462.00 R 29/655: Telegram

The Commissioner at Berlin (Dresel) to the Secretary of State


433. This morning, Haniel, Secretary of State,35 told me that by request of Simons he wished to discuss advisability of sending the German proposals to Washington. Simons was apprehensive that this transmission might be considered as an attempt to limit freedom of action of United States in the hoped-for mediation and that it might be thought that the German Government was endeavoring to impose conditions on possible mediation. Haniel categorically disclaims such an attempt. I told Haniel that the German Government would have to decide this matter for itself. Later he showed me copy of the memorandum but especially requested that text be not transmitted as an official document but that at most it should be forwarded for purpose of confidential information concerning point of view of Germany and not be used as a basis of decision regarding American Government’s mediation.

Therefore, I give below substance of German memorandum. Haniel tells me that probably this may be made basis of ultimate German proposals to Allies if American mediation should be refused. He says the substance of the memorandum has as yet not been communicated to Allies.

German Government believes the most urgent part of reparations problem is reconstruction of the devastated areas. Germany is prepared to undertake the rebuilding of villages and towns which may for that object be pointed out by Allied Powers or to assist with materials and labor in reconstruction in any way the Allies may desire, the expense of material and labor supplied by Germany to be paid from current revenue. A detailed scheme for such reconstruction has been prepared by the Government.
Germany wholly recognizes that reconstruction of devastated areas constitutes but a portion of obligations to which Treaty of Versailles compels her. She is therefore prepared to make compensation to Allied and Associated Powers by such other method as may be possible for the injury suffered.
It must be considered, however, that Germany’s power of payment has been greatly diminished by the war and that any new interference with her productive ability must result in additional weakening of possibility of making reparation.
Germany sees no method of meeting her reparation obligations for any extended period of time other than by employing the surplus engendered by labor of the nation to meet the sinking fund and interest on an international loan. In this case the creditors of Germany [Page 44] would be obliged to waive their rights of insisting on first mortgage on assets of Germany for benefit of those who supply capital. Germany would have to have a free hand in negotiations with such capitalists.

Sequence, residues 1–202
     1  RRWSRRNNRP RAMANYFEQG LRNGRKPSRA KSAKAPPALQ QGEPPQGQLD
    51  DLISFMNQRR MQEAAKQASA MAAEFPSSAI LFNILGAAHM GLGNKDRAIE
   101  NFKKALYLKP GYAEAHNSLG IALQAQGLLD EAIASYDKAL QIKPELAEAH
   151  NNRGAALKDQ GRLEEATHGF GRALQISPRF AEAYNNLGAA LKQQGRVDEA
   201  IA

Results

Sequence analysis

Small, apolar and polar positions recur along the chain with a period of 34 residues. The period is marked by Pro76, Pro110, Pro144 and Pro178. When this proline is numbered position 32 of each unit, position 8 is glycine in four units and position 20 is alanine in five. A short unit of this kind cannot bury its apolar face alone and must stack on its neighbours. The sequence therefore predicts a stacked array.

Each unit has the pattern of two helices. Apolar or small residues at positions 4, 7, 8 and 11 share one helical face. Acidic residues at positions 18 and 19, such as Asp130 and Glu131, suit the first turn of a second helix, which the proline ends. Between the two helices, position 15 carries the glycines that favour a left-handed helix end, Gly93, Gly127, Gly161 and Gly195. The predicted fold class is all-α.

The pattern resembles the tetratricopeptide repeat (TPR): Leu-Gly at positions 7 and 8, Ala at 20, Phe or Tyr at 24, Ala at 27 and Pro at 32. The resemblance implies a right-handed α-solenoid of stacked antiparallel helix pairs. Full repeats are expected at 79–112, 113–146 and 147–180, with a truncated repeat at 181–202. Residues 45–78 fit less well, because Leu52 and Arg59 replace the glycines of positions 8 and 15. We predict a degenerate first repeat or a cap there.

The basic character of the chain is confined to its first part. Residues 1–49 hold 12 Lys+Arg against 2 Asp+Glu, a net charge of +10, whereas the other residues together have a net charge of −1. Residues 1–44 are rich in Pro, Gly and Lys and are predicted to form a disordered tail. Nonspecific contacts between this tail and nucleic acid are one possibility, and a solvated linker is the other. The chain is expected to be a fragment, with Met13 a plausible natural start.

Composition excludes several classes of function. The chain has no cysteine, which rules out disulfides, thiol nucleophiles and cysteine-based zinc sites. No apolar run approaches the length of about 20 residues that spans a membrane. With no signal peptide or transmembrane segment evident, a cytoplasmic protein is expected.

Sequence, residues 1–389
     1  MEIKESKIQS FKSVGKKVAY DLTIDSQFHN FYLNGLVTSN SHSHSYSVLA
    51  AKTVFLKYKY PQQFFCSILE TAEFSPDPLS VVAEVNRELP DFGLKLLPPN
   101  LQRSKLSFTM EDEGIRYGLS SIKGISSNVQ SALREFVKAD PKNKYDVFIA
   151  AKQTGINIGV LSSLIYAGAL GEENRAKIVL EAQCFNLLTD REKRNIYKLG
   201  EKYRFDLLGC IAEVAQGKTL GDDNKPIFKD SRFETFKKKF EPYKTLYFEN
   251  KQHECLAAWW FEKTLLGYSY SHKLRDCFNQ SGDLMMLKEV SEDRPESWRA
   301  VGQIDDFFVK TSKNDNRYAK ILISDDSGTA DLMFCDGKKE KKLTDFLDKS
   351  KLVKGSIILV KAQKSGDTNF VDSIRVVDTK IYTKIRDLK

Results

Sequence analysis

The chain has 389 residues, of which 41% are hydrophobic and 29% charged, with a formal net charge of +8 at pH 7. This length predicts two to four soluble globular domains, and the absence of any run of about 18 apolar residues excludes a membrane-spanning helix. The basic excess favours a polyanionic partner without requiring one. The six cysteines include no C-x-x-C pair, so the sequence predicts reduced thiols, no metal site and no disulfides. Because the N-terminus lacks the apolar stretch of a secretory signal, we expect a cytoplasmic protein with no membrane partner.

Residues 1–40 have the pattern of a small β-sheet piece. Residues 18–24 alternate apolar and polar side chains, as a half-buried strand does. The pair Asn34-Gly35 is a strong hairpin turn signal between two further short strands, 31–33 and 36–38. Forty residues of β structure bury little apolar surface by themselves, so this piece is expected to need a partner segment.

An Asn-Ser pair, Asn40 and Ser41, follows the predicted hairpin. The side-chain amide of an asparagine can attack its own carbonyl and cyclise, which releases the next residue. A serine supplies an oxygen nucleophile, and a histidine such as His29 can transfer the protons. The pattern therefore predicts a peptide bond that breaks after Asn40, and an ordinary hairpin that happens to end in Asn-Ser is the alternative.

In accordance with German view, answer should be made to the following questions: (a) What is Germany’s annual productive capacity? In other words, aside from any particular payment, what surplus can be produced if Germany’s internal necessities are limited to the greatest extent? (b) How can such a surplus be produced and how can it be made available? (c) Referring to such international loan, what is required for annual interest and sinking fund payments? As limited amounts only are available to meet these charges the total amount of proposed loan depends on them.
Germany sincerely trusts that the President of United States will feel he can nominate commission of impartial experts to make investigations and present verdict as to these problems. Germany is willing to agree to such decisions as are based on determinations of the commission. If Germany’s total capacity to pay which the experts determine, should be more than interest and sinking fund on international loan, Germany will, upon request, make available to the Allied Governments this difference (a) by providing materials, labor, and other kinds of services in place of cash; (b) by agreeing to transfer to German Government part of indebtedness of Allied Governments to United States; and (c) by consenting to other practicable credit operations.
[sic] German Government is prepared to transfer to Government of United States or to international capitalists who may take responsibility for the loan the security considered requisite, as, for instance, railroads, mines, harbors, and receipts from customs.

During discusssion of last paragraph the question came up of Entente participation in German industries. Haniel stated that this participation was not excluded as no limits were set on eventual decision of President Harding but that they hoped earnestly that if demand was made for this participation it would be for benefit of neutrals or America in form of guarantee for the international loan rather than direct payments to the Entente nations. In the latter case 30 percent would give a controlling interest in many corporations and stock could be voted for political purposes.

Considering the circumstances under which this memorandum was given me, I urgently ask that at present it be not given publicity.

  1. Telegram in two sections.
  2. Of the Foreign Office.